The authors of the amendment proposal stressed that there had been a proliferation of disinformation and fraudulent statuses in Slovakia lately. It aimed to influence public opinion and play into Russian propaganda in reporting on the war in Ukraine.
NSA used the measure to block four disinformation media - Armádny magazín, Hlavné správy, Hlavný denník, and InfoVojna. The institution argued that their "harmful activities link directly to sources paid by Russian actors, aimed at manipulating public opinion.“
In fact, all the mentioned websites are infamous for spreading problematic pro-Russian content. Three were included on the list of top pro-Russian sources in Slovakia, created recently by the technological company Gerulata technologies. The website InfoVojna is not mentioned, but the list included its Facebook page and YouTube profile. The content of InfoVojna was also evaluated by the team of independent fact-checking portal Konspiratori.sk, which classified it with a rating of 8.8 from 10 (10 represents the worst quality). Armádny magazín has a mark of 7.2.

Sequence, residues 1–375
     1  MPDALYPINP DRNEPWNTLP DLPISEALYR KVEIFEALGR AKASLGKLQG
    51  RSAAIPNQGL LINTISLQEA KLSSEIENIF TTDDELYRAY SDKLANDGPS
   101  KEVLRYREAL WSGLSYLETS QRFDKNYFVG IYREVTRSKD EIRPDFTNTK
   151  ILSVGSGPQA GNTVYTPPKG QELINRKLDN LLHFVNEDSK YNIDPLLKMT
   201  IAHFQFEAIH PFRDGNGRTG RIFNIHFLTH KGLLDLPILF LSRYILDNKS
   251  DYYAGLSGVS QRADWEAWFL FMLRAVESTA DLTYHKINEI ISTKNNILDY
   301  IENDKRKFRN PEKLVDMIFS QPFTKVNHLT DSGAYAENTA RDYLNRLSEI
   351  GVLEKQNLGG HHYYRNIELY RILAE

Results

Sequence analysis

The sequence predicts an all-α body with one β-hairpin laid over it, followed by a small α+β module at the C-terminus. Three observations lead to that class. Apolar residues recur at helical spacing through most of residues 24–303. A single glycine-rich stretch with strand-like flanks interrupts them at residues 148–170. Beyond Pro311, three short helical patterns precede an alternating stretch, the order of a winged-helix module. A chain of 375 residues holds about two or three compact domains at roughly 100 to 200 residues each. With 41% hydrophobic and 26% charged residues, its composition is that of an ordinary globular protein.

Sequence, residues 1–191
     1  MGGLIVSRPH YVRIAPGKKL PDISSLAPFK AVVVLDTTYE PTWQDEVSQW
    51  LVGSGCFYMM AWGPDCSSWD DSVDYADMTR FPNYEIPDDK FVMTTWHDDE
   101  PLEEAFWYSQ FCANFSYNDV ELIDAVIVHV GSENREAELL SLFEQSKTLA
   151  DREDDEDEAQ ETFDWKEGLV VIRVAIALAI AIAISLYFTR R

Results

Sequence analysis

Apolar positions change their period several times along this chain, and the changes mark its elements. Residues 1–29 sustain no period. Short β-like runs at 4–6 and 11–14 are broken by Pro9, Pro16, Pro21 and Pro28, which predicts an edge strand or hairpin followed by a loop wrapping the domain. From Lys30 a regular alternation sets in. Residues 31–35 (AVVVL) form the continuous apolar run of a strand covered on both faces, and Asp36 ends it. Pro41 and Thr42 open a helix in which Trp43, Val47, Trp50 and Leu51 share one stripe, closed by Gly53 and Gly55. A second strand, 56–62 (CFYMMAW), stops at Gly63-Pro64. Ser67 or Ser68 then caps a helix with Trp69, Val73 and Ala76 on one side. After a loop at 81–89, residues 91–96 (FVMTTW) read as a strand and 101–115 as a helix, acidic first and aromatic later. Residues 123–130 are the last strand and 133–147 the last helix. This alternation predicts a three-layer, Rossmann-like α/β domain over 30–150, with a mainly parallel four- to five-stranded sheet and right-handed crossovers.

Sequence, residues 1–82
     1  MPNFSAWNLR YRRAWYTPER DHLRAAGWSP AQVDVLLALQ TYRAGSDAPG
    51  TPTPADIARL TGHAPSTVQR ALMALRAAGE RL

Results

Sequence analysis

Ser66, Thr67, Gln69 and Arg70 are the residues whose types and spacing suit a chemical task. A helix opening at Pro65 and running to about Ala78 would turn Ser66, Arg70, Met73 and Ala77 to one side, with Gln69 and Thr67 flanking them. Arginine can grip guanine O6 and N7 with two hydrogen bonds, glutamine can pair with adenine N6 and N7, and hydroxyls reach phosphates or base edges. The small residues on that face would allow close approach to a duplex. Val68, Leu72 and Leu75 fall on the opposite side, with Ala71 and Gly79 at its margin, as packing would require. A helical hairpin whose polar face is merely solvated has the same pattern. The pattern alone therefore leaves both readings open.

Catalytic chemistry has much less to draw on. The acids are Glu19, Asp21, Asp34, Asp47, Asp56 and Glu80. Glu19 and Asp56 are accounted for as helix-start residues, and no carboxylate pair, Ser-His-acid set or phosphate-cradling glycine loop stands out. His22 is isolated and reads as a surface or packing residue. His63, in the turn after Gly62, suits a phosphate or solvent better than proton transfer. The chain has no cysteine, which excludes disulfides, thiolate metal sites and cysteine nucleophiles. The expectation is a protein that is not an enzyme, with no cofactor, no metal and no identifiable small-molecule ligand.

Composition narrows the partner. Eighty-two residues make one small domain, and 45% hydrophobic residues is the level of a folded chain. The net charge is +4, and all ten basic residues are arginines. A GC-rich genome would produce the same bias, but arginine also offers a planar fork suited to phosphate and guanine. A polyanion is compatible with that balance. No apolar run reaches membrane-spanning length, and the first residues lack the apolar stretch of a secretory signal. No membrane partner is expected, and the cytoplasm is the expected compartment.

The initiative evaluates the websites according to several criteria, such as publishing pseudo-scientific content, disinformation narratives, or extremist content.
According to the chief editor of Infosecurity.sk Matej Spišák, the main problem with Hlavný denník was that the media was sharing pro-Russian content published by the Strategic Culture Foundation, reported by the U.S. State Department as run by Russia's foreign intelligence service SVR (The Foreign Intelligence Service of the Russian Federation). The websites Hlavné správy and Armádny magazín were recently involved in spying for Russia, using one of its authors Bohuš Garbár.